Birds and Fishes:
View and Method in the Mahāyoga Texts of Buddhaguhya
3:00 pm - 5:00 pm
Jackman Humanities Building, Rm 317
170 St George St
Kammie Takahashi is assistant professor of religion studies at Muhlenberg College and director of a very small, but newly reinvigorated Asian Studies program. She teaches courses on East and Central Asian religion to undergraduates, focusing on Tibet and Japan. Her scholarship is primarily concerned with early Tibetan Mahayoga, exploring issues of transmission, translation, literary production, and nativization of Indian ideas and practices in Tibet. From the ninth-century, she has begun looking backward to the sources of those earliest Tibetan lineages, working on canonical collections and lineage records, especially concentrating on the Mahayoga works of Buddhaguhya. Last year Kammie Takahashi started preliminary research on some tantric elephant iconography hidden away in a local lord’s temple in Japan’s Tohoku region, which research she hopes to return to this summer.
For reading group materials and questions please contact email@example.com.
“Pronouncing Praxis and Doing Doxography: Exploring the Functions of Genre in Early Tibetan Tantra”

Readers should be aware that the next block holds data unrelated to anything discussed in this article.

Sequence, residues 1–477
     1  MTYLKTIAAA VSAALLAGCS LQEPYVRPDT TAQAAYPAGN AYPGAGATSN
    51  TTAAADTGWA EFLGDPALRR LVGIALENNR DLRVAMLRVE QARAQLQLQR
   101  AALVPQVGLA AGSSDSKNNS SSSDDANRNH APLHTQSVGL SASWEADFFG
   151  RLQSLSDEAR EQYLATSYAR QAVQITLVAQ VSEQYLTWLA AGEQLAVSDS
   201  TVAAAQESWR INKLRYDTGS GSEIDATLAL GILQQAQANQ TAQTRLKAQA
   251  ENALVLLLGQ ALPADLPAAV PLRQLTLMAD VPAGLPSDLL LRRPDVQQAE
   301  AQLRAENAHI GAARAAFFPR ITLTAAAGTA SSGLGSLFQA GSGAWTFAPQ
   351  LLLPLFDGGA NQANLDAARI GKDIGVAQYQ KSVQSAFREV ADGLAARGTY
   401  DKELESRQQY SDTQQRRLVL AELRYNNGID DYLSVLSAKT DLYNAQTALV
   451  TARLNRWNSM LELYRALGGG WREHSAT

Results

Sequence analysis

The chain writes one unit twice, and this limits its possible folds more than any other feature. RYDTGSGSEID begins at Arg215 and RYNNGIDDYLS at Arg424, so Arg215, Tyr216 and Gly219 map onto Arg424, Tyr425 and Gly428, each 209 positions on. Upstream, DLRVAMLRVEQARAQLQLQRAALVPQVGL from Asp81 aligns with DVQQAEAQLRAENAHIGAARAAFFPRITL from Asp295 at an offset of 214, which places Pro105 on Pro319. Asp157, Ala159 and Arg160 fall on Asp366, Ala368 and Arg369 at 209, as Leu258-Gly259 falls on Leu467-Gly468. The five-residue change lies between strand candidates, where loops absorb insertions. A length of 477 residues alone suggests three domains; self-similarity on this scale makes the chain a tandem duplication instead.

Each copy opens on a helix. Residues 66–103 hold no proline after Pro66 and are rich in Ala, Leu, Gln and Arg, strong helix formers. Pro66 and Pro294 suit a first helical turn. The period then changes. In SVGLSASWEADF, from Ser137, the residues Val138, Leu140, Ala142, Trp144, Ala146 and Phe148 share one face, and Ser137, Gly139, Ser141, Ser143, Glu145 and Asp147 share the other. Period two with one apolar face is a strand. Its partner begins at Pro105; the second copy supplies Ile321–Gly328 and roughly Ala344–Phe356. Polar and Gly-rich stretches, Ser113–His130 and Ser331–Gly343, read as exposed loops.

at McMaster (University Hall 122) on Friday, March 24 from 4-6pm.
This paper takes up a type of textual redaction which involves literary fluidity and creativity, one that holds at the margins between shared texts within a particular community or lineage of transmission. In addition to the diachronic creative embellishment and accretion of individual texts of all genres, we see particularly in texts which might be characterized as representing oral traditions of lung or man ngag, passages which appear to have been borrowed wholesale from other texts with no expressed recognition by the authors of their sources via annotation, teaching title, or authorial attribution, or even of the fact of any loan whatsoever. Tapping these sites of borrowing allows us a window into the complicated webs of practical transmission and lineal identity that might otherwise be lost. The paper takes up the particular case of ninth-century dPal dbyangs’s texts, exploring the textual fluidity therein, and hypothesizing about his perceptions of teachings and teachers.